Set in that bad patch of the late '70s when Miles Davis didn't much bother leaving his brownstone, Don Cheadle's Miles Ahead is named for the first of the trumpeter's epochal collaborations with the arranger Gil Evans, from 1957. But a more accurate title might have come the brace of casually brilliant records Davis knocked out with his first great quintet a year earlier, in 1956: Steamin' with the Miles Davis Quintet. Relaxin' with the Miles Davis Quintet. To his credit, Cheadle (who directed, co-wrote and stars) chucks away everything false about the standard musician biopic and instead goes all-in on his subject's prickly, elusive presence. This could have been named Hangin' with Miles.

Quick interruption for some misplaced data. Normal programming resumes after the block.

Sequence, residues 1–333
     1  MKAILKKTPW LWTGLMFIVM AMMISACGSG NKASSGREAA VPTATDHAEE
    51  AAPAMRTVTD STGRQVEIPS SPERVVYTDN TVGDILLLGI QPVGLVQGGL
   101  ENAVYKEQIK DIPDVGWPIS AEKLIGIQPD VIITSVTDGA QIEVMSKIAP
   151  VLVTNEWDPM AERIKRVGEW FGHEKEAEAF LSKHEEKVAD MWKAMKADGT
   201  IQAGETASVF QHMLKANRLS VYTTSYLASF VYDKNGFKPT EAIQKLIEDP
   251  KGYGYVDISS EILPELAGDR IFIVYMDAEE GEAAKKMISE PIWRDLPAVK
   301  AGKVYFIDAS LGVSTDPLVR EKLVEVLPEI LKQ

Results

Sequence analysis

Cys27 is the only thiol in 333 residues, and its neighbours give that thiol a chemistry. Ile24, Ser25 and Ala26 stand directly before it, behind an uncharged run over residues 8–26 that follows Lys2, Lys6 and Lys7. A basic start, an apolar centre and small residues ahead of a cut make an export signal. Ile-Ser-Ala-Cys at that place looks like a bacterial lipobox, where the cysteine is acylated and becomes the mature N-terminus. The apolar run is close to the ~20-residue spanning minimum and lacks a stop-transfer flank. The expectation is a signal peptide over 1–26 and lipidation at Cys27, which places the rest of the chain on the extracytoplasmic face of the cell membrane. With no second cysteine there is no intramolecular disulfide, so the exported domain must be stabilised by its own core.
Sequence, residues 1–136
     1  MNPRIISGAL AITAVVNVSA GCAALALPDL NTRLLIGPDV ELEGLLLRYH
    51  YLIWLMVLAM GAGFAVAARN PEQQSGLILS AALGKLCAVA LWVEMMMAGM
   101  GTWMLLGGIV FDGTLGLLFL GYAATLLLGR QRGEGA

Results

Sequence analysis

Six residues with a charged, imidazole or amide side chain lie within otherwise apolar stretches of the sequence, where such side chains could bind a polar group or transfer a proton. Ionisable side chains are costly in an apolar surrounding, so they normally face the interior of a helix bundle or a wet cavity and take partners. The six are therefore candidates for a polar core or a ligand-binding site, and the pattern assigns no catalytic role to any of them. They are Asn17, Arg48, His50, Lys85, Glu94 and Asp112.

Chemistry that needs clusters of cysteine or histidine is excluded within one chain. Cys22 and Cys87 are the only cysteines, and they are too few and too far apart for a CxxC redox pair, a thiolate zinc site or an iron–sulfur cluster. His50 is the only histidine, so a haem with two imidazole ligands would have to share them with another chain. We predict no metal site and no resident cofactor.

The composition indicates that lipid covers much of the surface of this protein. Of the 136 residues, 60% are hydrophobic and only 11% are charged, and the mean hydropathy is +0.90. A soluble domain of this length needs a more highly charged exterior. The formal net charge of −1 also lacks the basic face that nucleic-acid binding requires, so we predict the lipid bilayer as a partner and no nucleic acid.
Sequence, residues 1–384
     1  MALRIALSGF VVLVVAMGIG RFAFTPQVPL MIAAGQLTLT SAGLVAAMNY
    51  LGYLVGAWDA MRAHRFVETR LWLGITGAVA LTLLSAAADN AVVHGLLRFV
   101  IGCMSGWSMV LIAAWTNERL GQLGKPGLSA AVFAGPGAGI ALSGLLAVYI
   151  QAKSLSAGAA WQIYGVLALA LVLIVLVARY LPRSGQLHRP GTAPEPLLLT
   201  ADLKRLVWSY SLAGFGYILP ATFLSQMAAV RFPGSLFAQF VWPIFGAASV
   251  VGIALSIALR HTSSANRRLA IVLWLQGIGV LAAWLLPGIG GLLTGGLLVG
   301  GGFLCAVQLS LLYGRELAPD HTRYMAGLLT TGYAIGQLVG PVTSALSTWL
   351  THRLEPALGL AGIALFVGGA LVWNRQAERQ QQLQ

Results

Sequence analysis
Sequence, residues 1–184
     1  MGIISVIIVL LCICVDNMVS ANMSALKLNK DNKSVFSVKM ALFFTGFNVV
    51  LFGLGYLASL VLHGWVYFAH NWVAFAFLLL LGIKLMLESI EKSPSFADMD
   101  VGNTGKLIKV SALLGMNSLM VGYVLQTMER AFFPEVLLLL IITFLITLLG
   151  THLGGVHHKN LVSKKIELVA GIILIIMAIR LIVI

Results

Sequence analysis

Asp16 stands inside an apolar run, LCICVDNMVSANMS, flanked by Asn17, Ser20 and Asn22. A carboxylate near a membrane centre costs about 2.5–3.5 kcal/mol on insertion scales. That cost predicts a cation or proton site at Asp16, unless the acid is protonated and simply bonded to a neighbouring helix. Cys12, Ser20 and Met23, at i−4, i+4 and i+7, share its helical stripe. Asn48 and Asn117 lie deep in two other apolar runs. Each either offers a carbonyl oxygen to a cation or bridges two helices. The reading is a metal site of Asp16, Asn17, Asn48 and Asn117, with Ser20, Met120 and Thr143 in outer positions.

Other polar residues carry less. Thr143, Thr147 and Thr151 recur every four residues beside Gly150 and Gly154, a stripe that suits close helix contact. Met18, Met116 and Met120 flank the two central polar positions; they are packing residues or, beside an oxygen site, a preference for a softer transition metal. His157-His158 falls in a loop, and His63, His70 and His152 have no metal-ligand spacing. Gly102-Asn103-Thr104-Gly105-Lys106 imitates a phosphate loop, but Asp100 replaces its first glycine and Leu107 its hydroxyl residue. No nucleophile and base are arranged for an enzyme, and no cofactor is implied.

The film's heart, though, is in the basement of Davis' brownstone, where the musician snorts coke, works his heavy punching bag and waits out the (literal and figurative) disco party raging upstairs. Still, even guttered, Davis fascinates, and Cheadle's tender eyes and scraped-raw whisper prove potent.
Sometimes Davis' attention slackens and the film vaults into his past, to memories centered on Frances Taylor, the ballerina and Broadway star who married Davis in 1958. Early flashbacks celebrate her dancing, kick at the racism of the uptown arts world and -- in a scene of strong, earthy passion -- honor these icons' lovemaking. History demands that Miles Ahead move on from that reverie, and soon, with too little context, we see Davis turn controlling, paranoid and violent toward her. In the present Ewan McGregor turns up as an eager-beaver reporter who gets caught up in chases with goons hired by a Columbia Records exec. The worst of these scenes plays out like Adventures in Babysitting: Miles Davis Edition.